prev : next : index SPEW
Number of computers: 5

May 29, 1999: and it's better than real--it's a real imitation

Saturday

Let me offer you a biased opinion. I think Meat Wars is utterly brilliant--and I wrote it.

A few caveats. It's probably only brilliant if you're familiar with both Red Meat and Star Wars. You may actually need to like Red Meat, as well. I don't have a perfect perspective on the subject. I do know that I don't universally think that everything I've done is brilliant.

Indeed, I'm willing to say that I think it's brilliant, because I'm not so sure that my effort was that brilliant. At least, I think the idea is brilliant, and my execution is "sufficient" to let that brilliance shine through.

Its earliest origin was in a Red Meat Construction Set comic I made in which Milkman Dan implied he was Karen's father, and she replied, "No, that's not true. That's impossible." (Later, someone else independently authored an RMCS comic that was a more explicit retelling of that scene from The Empire Strikes Back).

Then, Bryan O'Sullivan offered up an RMCS comic which featured the final Rutger Hauer monologue from Blade Runner. Then Dan "crisper than thou" mentioned on a MUD that he had considered trying to recast Blade Runner into RMCS form, inspired by Bryan's comic, but had realized he was pretty stuck because there weren't enough female characters in Red Meat.

That provided the creative spark: retelling an entire movie through Red Meat comics. It would be an endeavor inappropriate to hosting directly on the RMCS site, since it wouldn't really be Red Meat humor. I'm not sure I would have ever thought of trying to sustain a narrative through Red Meats, and I'm sure I'd never have thought of recasting an existing work into that form.

As I thought about the idea, Star Wars pushed its way into my brain as the obvious candidate. I'd already played around with referencing Star Wars within Red Meat. It has only one female character, the same as Red Meat; that character is Karen, and the Karen-Milkman Dan tension translates beautifully to Darth Vader's capture and torture of Leia. And Star Wars is, in some sense, the biggest pop culture icon around. Yeah, MacHomer (MacBeth performed by the Simpsons) is clever; but I think Meat Wars is even more clever, mixing a radical, way-off-mainstream comic strip with the biggest, most pop culture movie ever. (And, yes, Meat Wars predates MacHomer.)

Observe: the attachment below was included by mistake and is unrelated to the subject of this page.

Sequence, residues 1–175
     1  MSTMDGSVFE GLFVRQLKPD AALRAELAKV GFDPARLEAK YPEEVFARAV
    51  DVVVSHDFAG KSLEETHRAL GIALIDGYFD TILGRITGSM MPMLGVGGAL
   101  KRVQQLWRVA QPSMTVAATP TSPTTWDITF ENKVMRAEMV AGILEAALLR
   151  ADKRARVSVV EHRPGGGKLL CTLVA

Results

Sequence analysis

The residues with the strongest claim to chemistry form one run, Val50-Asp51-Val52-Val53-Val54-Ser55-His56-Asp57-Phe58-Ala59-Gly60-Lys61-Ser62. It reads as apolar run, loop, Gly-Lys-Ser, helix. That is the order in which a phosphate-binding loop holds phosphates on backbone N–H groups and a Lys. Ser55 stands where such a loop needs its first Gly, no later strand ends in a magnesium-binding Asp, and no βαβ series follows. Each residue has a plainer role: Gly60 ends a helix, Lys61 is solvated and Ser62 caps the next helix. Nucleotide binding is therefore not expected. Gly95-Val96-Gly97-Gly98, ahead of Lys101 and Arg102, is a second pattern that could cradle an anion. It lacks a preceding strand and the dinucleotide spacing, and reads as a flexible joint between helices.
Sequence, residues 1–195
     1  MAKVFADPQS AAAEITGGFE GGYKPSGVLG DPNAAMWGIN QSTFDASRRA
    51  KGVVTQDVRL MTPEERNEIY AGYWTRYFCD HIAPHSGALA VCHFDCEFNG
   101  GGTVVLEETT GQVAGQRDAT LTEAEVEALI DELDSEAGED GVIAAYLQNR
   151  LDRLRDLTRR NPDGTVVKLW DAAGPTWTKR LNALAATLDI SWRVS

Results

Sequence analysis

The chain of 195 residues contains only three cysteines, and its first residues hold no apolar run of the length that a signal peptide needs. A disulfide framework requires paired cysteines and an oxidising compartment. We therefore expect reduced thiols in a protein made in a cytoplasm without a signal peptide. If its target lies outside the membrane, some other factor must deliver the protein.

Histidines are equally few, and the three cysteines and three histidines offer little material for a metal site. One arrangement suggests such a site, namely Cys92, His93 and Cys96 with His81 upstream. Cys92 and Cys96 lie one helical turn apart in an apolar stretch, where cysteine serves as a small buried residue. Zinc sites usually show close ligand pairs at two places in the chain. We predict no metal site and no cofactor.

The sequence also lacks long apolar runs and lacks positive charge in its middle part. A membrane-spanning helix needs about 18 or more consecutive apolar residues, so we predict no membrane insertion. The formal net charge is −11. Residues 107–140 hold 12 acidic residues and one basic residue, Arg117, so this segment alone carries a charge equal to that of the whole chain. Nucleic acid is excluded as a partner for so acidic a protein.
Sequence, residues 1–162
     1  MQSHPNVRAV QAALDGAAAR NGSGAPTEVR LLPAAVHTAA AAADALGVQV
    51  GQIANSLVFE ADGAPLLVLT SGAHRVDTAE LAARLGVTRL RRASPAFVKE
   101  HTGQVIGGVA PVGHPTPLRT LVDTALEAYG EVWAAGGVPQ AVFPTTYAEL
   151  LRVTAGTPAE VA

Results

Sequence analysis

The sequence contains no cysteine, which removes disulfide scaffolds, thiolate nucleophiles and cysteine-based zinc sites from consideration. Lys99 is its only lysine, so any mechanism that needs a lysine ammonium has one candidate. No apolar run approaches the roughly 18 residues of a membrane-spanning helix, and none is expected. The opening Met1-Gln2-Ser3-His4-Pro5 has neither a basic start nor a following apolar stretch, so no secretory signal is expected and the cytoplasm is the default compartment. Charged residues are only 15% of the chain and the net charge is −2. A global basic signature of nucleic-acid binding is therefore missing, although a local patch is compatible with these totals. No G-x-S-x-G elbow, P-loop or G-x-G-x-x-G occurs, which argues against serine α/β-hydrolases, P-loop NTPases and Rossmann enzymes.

In some sense, Star Wars is clearly "the right thing". Everything converges too perfectly for any other movie to be appropriate. In some sense, then, I don't feel so much like I invented a clever thing than that I discovered the clever thing. (Which is why I feel comfortable saying it's brilliant--because I feel more like I uncovered a gem and polished it and shared it with everyone else.)

Once the idea was there, I had no choice but to carry out the execution. Of course, the execution was relatively easy. In many ways, because of what it is--a retelling of the Star Wars story through Red Meat comics--it wrote itself.

This is not to say that I didn't make authorial decisions, and some significant and clever contributions therein; but, on the scale of constrained creativity, Meat Wars is definitely a 10. The only thing which I had real freedom for were the taglines (the titles of each of the comics), and this was the part in which I spent the least effort, because I considered them very tangential to the "story" I wanted to tell. (Indeed, they are the weakest part of Meat Wars, and they often deviate from the rules of Red Meat taglines--and they probably shouldn't, but coming up with forty of them off the top of my head was a pain.)

But the actual process went like this:

First I found a copy of the script on the web (which saved me a trip to the bookstore). Apparently it's received wide distribution; I assume George Lucas must have approved people copying it around.